‘It was an important task for the universe’ – WADA informant Rodchenkov on ‘Russian doping’ claims
The documentary features an alleged phone interview with Rodchenkov, the former head of the Moscow Anti-Doping Laboratory who fled Russia in 2015. His allegations of the widespread doping violations in Russia before and during the 2014 Sochi Olympics formed the basis for a World Anti-Doping Agency (WADA) report, authored by Canadian lawyer Richard McLaren.
His testimony instigated a massive crackdown against Russia, resulting in complete exclusion of Russia’s team from the Winter Games in PyeongChang. According to the documentary, Rodchenkov now lives in the US under a witness protection program, in a place without an internet or telephone connection so that his whereabouts cannot be detected.
In the phone interview featured in the program, a person identified as Rodchenkov claimed that the role of Russian President Vladimir Putin in the alleged doping scheme was undeniable.
“I am aware that Putin knows ‘full’ and ‘sharp’ details from Mutko (the former Russian sports minister). And moreover Mutko told me that Putin remember[ed] my name very well in 2011,” he said.
Indeed, President Putin spoke of Rodchenkov during his Q&A session last year, noting Rodchenkov’s appointment was “a mistake.” The Russian Investigative Committee’s probe revealed the former doctor himself provided athletes with drugs and orchestrated the tampering of test results.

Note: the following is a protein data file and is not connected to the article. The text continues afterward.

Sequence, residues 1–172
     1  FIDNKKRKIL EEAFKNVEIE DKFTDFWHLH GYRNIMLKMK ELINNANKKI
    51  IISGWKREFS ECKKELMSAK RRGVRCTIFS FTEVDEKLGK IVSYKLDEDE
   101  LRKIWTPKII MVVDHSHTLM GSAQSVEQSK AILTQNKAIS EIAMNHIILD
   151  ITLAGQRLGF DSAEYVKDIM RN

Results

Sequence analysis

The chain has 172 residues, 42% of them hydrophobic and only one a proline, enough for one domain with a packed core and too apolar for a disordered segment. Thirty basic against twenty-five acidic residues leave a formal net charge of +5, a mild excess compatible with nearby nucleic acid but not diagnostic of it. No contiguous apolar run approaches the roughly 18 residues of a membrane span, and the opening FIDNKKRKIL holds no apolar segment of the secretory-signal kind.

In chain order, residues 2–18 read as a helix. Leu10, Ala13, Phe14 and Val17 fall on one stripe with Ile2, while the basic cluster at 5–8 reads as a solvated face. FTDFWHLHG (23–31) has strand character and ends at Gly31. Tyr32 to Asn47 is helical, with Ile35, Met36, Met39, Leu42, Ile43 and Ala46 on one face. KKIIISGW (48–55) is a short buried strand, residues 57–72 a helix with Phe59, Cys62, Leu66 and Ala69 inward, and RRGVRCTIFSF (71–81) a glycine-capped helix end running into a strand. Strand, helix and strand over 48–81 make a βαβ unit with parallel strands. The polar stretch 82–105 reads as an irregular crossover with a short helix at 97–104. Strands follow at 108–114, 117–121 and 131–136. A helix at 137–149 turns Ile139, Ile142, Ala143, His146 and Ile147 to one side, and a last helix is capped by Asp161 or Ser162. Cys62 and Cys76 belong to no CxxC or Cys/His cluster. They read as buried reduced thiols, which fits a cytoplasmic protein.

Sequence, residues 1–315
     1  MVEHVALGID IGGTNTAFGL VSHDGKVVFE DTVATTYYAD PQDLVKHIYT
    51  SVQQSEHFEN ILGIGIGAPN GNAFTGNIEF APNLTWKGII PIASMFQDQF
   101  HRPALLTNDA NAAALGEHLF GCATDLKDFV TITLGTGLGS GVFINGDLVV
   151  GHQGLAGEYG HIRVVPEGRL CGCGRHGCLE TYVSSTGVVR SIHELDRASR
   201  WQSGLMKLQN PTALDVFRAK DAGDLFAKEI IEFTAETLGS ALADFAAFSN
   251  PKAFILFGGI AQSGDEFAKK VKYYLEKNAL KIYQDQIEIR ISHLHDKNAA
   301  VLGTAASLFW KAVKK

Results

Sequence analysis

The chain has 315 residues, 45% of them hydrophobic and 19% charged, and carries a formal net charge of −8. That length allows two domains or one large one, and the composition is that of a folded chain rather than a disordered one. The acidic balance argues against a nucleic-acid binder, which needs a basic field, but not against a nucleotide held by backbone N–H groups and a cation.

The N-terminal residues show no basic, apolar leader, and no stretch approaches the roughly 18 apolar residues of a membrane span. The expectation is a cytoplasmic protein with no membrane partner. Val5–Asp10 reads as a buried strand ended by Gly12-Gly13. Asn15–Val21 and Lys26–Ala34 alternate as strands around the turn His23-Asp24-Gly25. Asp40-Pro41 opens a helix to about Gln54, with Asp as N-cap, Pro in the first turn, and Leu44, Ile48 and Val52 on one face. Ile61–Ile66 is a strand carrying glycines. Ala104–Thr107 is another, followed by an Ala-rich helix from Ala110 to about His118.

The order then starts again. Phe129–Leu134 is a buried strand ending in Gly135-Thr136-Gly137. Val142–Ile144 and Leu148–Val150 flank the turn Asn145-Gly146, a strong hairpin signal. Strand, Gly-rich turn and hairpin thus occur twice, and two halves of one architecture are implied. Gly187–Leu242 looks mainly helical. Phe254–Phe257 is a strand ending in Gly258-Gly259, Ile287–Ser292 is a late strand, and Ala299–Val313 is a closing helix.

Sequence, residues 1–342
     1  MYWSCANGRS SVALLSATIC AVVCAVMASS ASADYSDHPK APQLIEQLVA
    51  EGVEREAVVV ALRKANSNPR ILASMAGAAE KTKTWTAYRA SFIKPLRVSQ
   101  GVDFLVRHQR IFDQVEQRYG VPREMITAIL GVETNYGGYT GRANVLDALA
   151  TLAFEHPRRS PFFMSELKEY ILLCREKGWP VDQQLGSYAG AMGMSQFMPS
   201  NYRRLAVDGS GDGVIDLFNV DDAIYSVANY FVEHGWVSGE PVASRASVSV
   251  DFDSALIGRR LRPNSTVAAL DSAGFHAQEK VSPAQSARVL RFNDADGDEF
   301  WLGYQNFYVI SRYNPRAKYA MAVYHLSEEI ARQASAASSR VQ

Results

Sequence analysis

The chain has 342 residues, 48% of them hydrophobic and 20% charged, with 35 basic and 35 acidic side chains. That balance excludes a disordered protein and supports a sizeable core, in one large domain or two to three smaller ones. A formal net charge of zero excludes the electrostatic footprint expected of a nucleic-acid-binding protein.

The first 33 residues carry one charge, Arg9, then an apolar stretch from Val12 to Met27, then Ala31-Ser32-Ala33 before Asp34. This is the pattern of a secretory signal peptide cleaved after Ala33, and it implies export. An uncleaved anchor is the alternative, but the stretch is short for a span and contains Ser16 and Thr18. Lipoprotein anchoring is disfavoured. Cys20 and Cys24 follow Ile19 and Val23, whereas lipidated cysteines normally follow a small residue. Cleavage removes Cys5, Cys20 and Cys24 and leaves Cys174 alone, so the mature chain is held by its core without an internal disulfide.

“It was a very simple chain. I am reporting to Nagornykh (the former Russian vice sports minister), Nagornykh reporting to Mutko, Mutko reporting to Putin. Because Putin would like to know everything. And Putin’s approach was: 'don't hide your problem, open your problem and threats and we [will] do everything to solve your problems,’” he added.
Later the man believed to be Rodchenkov stresses that the Russian president had nothing to boast of on the international stage, and consequently made the home Olympics in Sochi a tool to demonstrate his power.
“[The] Sochi Games for Russia was a major project for Putin. Because he had nothing to demonstrate, only success in the Olympic Games – that's it,” he said.
Putin has previously said that information provided by Rodchenkov cannot be treated as trustworthy, suggesting the FBI may be drugging the disgraced former doctor, who faces charges of trafficking highly potent illicit drugs in his home country.